Will the Scarborough Shoal be the “red line” for the Philippines and the United States against China’s intention to create a new artificial island in the West Philippine Sea?
The phrase “to cross the red line” is used worldwide to mean a line in the sand or “a limit which safety can no longer be guaranteed.” If the Scarborough Shoal is declared as a “red line” it means that any Chinese incursion into the area will be prevented with force by the Philippine-American alliance.
Although American naval forces have been sailing within the 12-mile limit in other Chinese held artificial islands in the West Philippine Sea, the United States and China have so far avoided direct confrontation. It has also been noticeable that the United States has avoided any explicit statement that it would commit its forces to defend any attack on Filipino maritime vessels and fishing boats that are harassed by Chinese naval vessels. There has been no clear official assurance to the Philippine government by the United States of any US naval or military assistance to prevent any territory from being permanently taken over by China.
American foreign policy has been to declare neutrality on the issue of sovereignty over the Paracel and Spratly islands in the West Philippine Sea. Historically, the US position started in the 1930s when Japan annexed these two island groups. But the Scarborough is a different story. Professor Jay Batongbacal, Filipino maritime law expert, outlines the history of Philippine sovereign claim to the Scarborough Shoal.
The 1900 Treaty of Washington between Spain and the United States stated that all territories administered by Spain as part of the Philippine Islands, even if they were located outside the original 1898 Treaty of Paris, were ceded to the United States. In 1938, the United States Department of State official again officially recognized that the US acquired title to Scarborough Shoal from the basis of the 1900 Treaty.
The State Department allowed the Scarborough’s transfer to the then Philippine Commonwealth with concurrence of the Secretary of the Navy and Secretary of Commerce. Upon its declaration of independence in 1946, the Philippines took over the administration of Scarborough Shoal. In fact, in 1963 the Philippine Navy destroyed a smugglers’ base in the shoal. The Scarborough area was also turned into a gunnery range for the US bases in the Philippines. However, Philippine fishing and survey vessels were allowed to operate in the area.
China did not intrude into the area until after the American bases were closed in 1991. In the early 2000s, China asserted that it had traditional fishing rights in the area. Finally in 2012 China coerced the Philippines into leaving the area and harassed Philippine fishing vessels entering the area.
Political science Professor Richard Heydarian of De La Salle University, recently wrote a paper entitled “Asia’s New Battlefield: The Philippines’ South China Sea Moment of Truth.” Here are excerpts from his article:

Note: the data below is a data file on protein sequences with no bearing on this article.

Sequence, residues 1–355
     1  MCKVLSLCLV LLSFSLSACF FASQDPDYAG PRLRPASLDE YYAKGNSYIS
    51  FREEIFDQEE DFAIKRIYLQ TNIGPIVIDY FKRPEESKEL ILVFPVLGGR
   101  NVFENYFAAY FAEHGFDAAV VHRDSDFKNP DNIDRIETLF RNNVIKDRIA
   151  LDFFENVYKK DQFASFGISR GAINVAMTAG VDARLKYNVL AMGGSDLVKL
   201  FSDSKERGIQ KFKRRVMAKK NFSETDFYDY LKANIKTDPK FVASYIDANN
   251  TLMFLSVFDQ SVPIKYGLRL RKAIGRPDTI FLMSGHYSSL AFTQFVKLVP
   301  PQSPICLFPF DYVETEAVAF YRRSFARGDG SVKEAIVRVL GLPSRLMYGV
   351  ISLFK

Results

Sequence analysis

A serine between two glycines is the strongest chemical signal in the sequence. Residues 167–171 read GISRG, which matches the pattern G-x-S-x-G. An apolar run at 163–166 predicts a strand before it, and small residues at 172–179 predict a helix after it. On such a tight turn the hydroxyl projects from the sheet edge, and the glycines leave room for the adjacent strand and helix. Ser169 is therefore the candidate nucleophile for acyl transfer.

“A spectre is haunting Asia – the spectre of full Chinese domination in the South China Sea. Latest reports suggest that China would soon move ahead with building military facilities in the Scarborough Shoal, a contested land feature it has occupied since 2012….This is nothing short of a nightmare for the Philippines which is already struggling to protect its supply lines in the Spratly chain of islands due to growing Chinese military assertiveness in contested waters. Unlike most of Chinese occupied features which lie well beyond the immediate shores of other claimant states, the Scarborough Shoal is located just about 120 nautical miles off the coast of the Philippines, well within the country’s Exclusive Economic Zone (EEZ) – and also its continental shelf. To put things into perspective, the shoal lies 900 kilometers away from the closest Chinese coastline. For Manila, the contested land feature is arguably what James Shoal is to Malaysia and Hainan is to Mainland China.”
Professor Heydarian concludes his paper stating: “In the Scarborough Shoal, America is expected to come to the Philippines rescue if the Philippine “armed forces, public vessels or aircraft in the Pacific” come under attack by a third party ( China) in an event of armed clashes. The United States, along with allies such as Japan and Australia, are also expected to assume the de facto role of enforcers once the arbitration is out. Whether it wants it or not, the Philippines is now at the center of Asia’s new strategic battlefield.
Will the Philippines be willing to deploy its frigates and coast guard vessels to block any efforts by China to build military facilities on the Scarborough Shoal? This may sound like bravado at this point. But if Vietnam was willing to draw a red line in the Paracel island, then the Philippines could also draw its own red line in the Scarborough shoal.
Role of Japan
Japan will not only play a greater role but will even be the decisive factor in the geopolitical conflicts in East Asia including the disputed territories in the South China Sea. Japan has actually more at stake in ensuring that the South China Sea is not completely dominated by China.
Japan has almost no natural resources. Its resource needs, from Africa and the Middle East, must be transported through the South China Sea. In the past, Japan depended on the United States for military protection. But Japan must now prepare for a future where the United States might not be willing to accept full responsibility to serve as the region’s policeman. The third largest economy in the world must now assume the burden of also becoming a military superpower in order to maintain a balance of power in East Asia.
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